Seminorms and Inverse Theorems in Additive Combinatorics and Ergodic Theory

Monday, September 29, 2014 - 10:15am - 11:05am
Keller 3-180
Tim Austin (New York University)
This course will be a gentle introduction to some of the technical tools
that underlie recent approaches to Szemeredi's Theorem in additive
combinatorics and associated questions about multiple averages in ergodic

We will begin with a synopsis of Furstenberg's work relating Szemeredi's
Theorem to the ergodic theoretic phenomenon of multiple recurrence, and
with some of the technical background needed for this connection to bear

We will then quickly sketch Gowers' approach to Szemeredi's Theorem, which
yielded the best-known bounds and pointed towards various extensions, such
as the Green-Tao result for the primes. A key tool introduced by Gowers is
a family of seminorms for functions on Z/n, together with an `inverse
theorem' describing the structure of those functions for which these
seminorms take large values. These seminorms have counterparts in ergodic
theory, introduced by Host and Kra for their work on convergence of
multiple averages, also along with an inverse theorem (closely related to
another analysis by Ziegler, not in terms of seminorms). These ideas will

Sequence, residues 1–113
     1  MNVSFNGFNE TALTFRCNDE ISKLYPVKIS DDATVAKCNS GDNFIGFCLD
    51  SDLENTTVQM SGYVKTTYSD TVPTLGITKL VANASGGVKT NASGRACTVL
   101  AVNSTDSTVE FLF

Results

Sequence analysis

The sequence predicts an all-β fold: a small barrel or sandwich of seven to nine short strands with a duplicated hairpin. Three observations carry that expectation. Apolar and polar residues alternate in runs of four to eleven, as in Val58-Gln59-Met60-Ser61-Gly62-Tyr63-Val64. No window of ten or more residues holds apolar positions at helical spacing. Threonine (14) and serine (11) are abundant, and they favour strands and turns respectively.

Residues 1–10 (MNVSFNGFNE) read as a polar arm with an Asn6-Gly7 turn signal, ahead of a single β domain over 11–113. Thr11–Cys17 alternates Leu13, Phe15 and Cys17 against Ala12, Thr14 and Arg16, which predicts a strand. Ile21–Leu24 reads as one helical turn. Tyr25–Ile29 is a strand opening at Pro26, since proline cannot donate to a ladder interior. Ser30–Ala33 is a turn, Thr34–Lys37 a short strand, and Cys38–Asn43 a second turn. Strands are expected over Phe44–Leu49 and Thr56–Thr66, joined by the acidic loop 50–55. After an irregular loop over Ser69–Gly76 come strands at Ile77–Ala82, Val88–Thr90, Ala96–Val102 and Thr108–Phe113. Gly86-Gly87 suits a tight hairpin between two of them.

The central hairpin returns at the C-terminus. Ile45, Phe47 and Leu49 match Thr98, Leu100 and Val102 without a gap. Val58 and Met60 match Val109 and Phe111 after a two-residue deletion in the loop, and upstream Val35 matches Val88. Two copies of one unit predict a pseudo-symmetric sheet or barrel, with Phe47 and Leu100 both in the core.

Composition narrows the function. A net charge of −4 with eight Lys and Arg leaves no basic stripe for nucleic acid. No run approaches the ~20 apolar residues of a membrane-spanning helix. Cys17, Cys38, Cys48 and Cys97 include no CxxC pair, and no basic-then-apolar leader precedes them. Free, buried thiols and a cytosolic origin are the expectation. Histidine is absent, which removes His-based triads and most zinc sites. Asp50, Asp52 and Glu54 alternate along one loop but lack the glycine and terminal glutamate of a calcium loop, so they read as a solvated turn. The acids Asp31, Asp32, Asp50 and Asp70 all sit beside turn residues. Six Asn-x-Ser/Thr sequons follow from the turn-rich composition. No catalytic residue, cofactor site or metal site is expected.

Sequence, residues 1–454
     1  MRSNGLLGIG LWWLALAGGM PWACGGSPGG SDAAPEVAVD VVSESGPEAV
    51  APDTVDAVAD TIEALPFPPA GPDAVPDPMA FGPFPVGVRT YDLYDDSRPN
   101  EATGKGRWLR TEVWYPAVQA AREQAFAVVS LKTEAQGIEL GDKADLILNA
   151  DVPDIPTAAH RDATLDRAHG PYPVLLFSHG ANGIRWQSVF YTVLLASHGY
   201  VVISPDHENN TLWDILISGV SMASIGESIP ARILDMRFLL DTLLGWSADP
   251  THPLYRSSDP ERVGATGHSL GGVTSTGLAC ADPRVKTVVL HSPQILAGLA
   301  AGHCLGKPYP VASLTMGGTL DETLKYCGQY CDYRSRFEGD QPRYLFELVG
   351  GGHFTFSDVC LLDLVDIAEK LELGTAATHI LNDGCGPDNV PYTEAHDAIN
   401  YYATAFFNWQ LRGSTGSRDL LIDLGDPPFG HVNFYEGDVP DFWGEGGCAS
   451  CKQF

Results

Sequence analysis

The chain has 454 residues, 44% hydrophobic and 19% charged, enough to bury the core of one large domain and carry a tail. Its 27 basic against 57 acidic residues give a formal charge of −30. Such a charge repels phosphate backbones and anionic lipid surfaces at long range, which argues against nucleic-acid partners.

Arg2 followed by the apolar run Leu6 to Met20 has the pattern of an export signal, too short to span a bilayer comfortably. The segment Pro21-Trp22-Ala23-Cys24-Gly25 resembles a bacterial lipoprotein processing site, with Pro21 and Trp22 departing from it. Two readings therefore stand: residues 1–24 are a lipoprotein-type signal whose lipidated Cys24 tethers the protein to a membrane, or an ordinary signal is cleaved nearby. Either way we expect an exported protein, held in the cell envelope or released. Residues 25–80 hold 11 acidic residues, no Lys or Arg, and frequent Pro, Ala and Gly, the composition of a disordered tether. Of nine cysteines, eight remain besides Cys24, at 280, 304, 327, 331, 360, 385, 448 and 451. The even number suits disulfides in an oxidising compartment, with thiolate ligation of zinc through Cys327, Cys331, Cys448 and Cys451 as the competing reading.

be summarized with an emphasis on their commonalities. In both settings,
the known inverse theorems give not only proofs of new or tightened
results, but a much improved understanding of the structures responsible
for them.

Having done this, the course will go into more detail about the
ergodic-theoretic inverse theorems. The classical case of triple averages
will be treated carefully, and its generalization covered more tersely.

Finally, we will sketch the difficulties of extending the above work,
either additive combinatorial or ergodic theoretic, to results for
higher-rank Abelian groups. Here the desired inverse theorems remain quite
mysterious. Depending on time, we will finish with a sketch of some recent
work on a simple `extremal' version of the inverse problem in higher
dimensions, where one already finds considerable new structure.
MSC Code: